For the past 11 years, Chris Woods has stood on the sideline of the Maine Cancer Foundation’s Tri for a Cure, cheering on the race’s all-female participants with a pair of cowbells.

But on Sunday morning, Woods will swap her cowbells for a wet suit and join the 1,300 women who will tackle the triathlon’s one-third mile swim, 15-mile bike ride and 3-mile run.

“I’m tempted to put my cowbells in a bag with a note out there for the person who’ll be volunteering (at my station),” said Woods, 59, of Portland. “I have to figure out how I can do that.”

Chris Woods, left, of Portland has been a volunteer with Tri for a Cure for 11 years, but this year will take on the swim-bike-run challenge. Shawn Patrick Ouellette/Staff Ph

Tri for a Cure will be held for the 12th consecutive year on the campus of Southern Maine Community College. Since 2008, 13,102 participants have raised nearly $14 million for the Maine Cancer Foundation, which supports cancer research and prevention in Maine.

Last year’s event drew 1,300 participants and more than 500 volunteers, and raised a little more than $2 million.

Woods, whose mother is a cancer survivor, volunteered at the first Tri for a Cure in 2008 as a way to get involved with the Maine Cancer Foundation while her children were away at summer camp. But after years of cheering from the sideline, the stories of the participants motivated her to try the race herself.

“Seeing the women come through (the finish line) who have ‘survivor’ on their backs – they’re not all super athletes, but everyone has a story for why they’re doing it,” said Woods.

Although she has previously participated in road and bike races, Woods never thought a triathlon was in the cards for her.

Watching Tri for a Cure year after year convinced her otherwise.

“So many people fight so hard going through cancer, and I thought, ‘I can’t even swim in the ocean for a third of a mile,” said Woods. “(That thought) keeps you motivated.”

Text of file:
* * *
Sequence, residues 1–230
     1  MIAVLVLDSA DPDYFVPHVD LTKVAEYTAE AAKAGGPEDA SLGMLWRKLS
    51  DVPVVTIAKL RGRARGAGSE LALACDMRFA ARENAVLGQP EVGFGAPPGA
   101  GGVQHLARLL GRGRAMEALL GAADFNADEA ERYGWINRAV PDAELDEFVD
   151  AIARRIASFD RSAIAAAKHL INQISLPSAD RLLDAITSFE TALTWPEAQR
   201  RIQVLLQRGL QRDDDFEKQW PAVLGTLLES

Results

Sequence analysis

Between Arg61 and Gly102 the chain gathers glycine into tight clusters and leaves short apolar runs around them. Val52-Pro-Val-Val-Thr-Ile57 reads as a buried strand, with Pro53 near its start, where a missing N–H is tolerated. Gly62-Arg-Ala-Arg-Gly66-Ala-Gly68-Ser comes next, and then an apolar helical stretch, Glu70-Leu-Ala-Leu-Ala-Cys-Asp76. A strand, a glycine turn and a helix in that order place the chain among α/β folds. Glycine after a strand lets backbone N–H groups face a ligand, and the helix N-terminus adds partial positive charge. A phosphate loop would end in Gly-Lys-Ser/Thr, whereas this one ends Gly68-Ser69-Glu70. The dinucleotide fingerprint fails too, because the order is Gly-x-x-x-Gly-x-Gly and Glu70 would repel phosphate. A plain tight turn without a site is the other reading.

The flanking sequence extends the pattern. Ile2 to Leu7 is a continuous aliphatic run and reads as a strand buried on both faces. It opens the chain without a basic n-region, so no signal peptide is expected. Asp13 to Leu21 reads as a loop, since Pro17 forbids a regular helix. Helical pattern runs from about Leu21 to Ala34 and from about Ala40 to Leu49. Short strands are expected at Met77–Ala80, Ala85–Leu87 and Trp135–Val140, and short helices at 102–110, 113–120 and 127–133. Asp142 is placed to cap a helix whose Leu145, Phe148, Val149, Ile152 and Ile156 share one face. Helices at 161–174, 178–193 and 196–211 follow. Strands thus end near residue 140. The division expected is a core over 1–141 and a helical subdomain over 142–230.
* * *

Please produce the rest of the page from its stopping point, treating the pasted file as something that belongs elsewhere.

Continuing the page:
Woods has raised nearly $3,000 ahead of the race, well above the $500 fundraising minimum for participants.

To prepare for the race’s three disciplines, she has been training with a group of Tri for a Cure participants at sheJAMs, an all-female triathlon club based in Portland.

While the support of her training group keeps her motivated on a day-to-day basis, Tri for a Cure’s larger goal is never far from her mind.

“The overall motivation is to get rid of cancer,” she said.

Novice triathletes like Woods will be joined by more seasoned participants, both survivors and supporters alike.

Mari Miya, 70, of Freeport will be participating for the 12th straight year. Miya was diagnosed with adenoid cystic carcinoma in 2004.

“This event changes women’s lives,” said Miya, who has raised almost $3,500 this year. “I can’t tell you how many people come and tell me how they’ve lost weight, they’ve gotten fit, they’ve learned to bike. It’s just one of those events that women commit to and then support each other along the way.”

Miya said it changed her life.

“When I first started tris, I really didn’t know how to swim. I first saw the (marker) buoys and thought, ‘I could drown out there.’”

Twelve years later, swimming is part of her daily training routine.

“(It) has changed women’s lives by helping them do something many of them thought they could never do,” Miya said. “(It) really empowered them.”

And although Miya’s pace has lagged a little bit throughout the years, her motivation has not.

“I look around me (at the start line), and so many survivors are young. I have to keep doing this because I don’t want to keep seeing young people out here,” said Miya. “That’s why I tri.”